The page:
Last month the social giant announced "Facebook Messages," its latest development to make messaging easier by combining text, IM and "email" messaging for a more easily and instantaneous "Social Inbox." Facebook executives developed the new technology because, as they put it, parts of conversations are "locked" on a particular service or device -- IM, text, email, etc. "Facebook Messages" consolidates and prioritizes it all in one location. And you can even include people not on Facebook, too. All users can get an @Facebook.com "email" that is designed to be less formal and instantaneous, like IM and text. For example, no formal subject lines needed. Ideal for how teens currently are accustomed to communicating.
But executives and pundits stress this isn't an email replacement. As Mark Zuckerberg said, "This is not an email killer. This is a messaging system that includes email as one part of it ... because we know who your friends are, we can do some really good filtering for you to make sure you only see messages you care about."
But make no mistake about it: "Facebook Messages" will have an impact on today's "email" and how we communicate, starting with teen demographic.
Why teens? Well, study after study show how email usage is significantly lower than text, cell phone and social in terms of teens' daily communications. Teenagers today consider email to be a "grown-up medium" and not ideal for day-to-day communication with their peers, according to a recent study by the Pew Internet and American Life Project and the University of Michigan.
Most teens always have their phones with them, equipped with instant texting and access to Facebook. And the proliferation of smartphones -- projected to boom in 2011 and beyond -- will only enhance teens' mobile communications, as well as the population's at whole. It's no wonder most teens do view email as "long form," clunky and "old" as compared to texting, cell phones and Facebook.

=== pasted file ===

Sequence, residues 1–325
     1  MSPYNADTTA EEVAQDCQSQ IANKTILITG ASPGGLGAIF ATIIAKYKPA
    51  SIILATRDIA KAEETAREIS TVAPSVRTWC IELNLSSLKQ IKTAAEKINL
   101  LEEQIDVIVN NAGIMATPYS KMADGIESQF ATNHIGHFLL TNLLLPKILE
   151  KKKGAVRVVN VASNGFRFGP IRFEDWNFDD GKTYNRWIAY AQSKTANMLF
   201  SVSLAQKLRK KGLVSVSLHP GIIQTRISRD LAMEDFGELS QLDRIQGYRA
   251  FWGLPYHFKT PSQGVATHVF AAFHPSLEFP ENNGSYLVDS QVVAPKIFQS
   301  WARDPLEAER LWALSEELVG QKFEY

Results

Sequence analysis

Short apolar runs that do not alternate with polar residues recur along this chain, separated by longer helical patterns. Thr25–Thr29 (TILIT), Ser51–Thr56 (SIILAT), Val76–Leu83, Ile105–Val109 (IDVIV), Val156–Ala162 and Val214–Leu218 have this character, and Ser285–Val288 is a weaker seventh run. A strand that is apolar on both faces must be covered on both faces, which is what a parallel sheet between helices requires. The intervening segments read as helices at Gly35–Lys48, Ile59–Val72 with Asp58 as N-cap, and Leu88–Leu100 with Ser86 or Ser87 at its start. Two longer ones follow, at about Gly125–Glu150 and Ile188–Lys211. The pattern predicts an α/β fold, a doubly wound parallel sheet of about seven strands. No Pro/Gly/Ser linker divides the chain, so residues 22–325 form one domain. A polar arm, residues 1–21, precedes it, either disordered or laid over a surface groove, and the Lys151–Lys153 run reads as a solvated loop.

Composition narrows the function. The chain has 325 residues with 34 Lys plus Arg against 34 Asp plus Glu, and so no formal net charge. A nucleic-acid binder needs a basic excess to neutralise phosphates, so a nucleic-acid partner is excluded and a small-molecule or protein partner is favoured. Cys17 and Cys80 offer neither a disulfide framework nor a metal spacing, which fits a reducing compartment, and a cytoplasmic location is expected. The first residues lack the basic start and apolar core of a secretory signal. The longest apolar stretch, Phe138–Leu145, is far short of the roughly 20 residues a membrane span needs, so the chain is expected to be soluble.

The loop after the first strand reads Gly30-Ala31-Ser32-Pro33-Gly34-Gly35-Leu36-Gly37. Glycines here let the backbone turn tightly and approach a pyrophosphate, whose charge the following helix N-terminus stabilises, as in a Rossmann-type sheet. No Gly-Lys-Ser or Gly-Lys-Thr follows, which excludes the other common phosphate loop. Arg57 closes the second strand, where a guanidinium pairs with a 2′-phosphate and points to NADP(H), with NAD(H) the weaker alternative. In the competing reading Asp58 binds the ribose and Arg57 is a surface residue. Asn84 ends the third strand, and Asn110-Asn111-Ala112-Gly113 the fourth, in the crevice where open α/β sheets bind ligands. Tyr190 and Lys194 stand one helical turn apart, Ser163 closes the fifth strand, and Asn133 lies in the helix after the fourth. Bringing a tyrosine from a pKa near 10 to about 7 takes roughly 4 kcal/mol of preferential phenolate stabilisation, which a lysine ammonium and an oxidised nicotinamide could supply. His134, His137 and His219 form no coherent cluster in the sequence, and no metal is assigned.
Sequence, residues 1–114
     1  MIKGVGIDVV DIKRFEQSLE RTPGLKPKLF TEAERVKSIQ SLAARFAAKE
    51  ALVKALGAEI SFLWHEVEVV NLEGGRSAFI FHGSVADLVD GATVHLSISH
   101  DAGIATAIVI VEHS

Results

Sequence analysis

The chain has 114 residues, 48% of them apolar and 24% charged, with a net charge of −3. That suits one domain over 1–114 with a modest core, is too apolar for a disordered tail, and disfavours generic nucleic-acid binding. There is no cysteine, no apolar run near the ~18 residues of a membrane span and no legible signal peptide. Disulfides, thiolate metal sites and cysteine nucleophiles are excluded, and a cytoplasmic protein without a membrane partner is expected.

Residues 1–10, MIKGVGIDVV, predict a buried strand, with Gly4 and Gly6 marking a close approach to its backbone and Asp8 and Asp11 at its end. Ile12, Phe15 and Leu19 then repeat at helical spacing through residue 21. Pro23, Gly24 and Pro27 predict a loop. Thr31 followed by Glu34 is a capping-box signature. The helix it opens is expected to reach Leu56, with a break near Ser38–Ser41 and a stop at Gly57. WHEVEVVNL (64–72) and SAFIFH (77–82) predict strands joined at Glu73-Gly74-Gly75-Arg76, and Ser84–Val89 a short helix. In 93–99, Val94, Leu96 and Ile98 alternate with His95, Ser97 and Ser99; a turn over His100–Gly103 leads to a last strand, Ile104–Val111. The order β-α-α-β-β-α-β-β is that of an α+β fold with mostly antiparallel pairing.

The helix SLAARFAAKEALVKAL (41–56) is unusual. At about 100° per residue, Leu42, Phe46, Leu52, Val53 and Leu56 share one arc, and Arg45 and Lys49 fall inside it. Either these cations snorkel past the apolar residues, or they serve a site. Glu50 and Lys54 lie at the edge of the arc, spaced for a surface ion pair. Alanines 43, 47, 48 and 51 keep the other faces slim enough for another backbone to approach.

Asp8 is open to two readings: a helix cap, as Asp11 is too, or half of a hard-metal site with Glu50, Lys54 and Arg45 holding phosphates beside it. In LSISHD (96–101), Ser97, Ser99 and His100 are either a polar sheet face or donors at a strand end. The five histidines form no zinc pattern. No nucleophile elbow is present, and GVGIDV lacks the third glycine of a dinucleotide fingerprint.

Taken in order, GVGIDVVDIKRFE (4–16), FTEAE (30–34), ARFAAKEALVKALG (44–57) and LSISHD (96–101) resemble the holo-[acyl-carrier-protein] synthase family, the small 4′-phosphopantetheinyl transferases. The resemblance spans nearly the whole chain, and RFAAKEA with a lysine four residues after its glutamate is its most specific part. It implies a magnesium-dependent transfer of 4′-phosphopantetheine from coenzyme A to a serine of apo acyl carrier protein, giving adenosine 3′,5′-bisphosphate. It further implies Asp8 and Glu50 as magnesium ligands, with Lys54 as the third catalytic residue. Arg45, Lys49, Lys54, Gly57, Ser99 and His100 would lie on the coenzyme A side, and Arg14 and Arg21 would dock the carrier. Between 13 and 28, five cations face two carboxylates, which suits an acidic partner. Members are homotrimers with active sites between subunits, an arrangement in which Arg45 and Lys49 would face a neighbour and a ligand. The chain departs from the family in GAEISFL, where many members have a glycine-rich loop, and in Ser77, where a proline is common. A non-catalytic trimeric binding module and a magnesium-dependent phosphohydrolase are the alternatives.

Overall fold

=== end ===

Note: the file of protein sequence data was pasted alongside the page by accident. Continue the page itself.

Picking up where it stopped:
Consider this rising teen generation that will have grown up with instant and social communications like text and Facebook. It's not a stretch to imagine their interactions with these media can have a large influence as they enter the collegiate world and then into the corporate world, bringing these communication habits along. After all, throughout the years, communication technologies are constantly replaced by newer ones -- history is littered with it. Know anyone with a pager? When was the last time you faxed something? Dial up your Internet access lately?
What I am saying is if "Facebook Messages" makes email an easier, less formal and instant communication tool, something we know teens like, then its use among them will change and grow. The social history aspect of messaging is going to be really compelling to this audience. Imagine if you had a digital version of all those notes you passed back and forth with your best friend or first boyfriend?
And since "Messages" essentially changes how you digest and communicate with all your devices -- by funneling everything through the Facebook ecosystem -- how we communicate will drastically change. Instead of checking many different devices/outlets, Facebook becomes your communication hub (it already is for many). See what I mean by our initial "operating system of the Internet" statement?
Savvy marketers should have social networks like Facebook as a key part of their marketing-communications mix -- and most all do, of course. But it does not stop with a Fan page. As marketers we must closely follow Facebook changes and adaptations to stay on top of the new communication trends to adapt our engagement relationship with Fans.
I realize Facebook and social moves at a lightning pace, with some new development and change every day. But there are many qualified companies who can provide the technology and service to navigate those waters. It's a fascinating medium, this social network revolution, led by an equally fascinating company in Facebook. We will keep watching, developing and innovating to help marketers stay on top of the changes.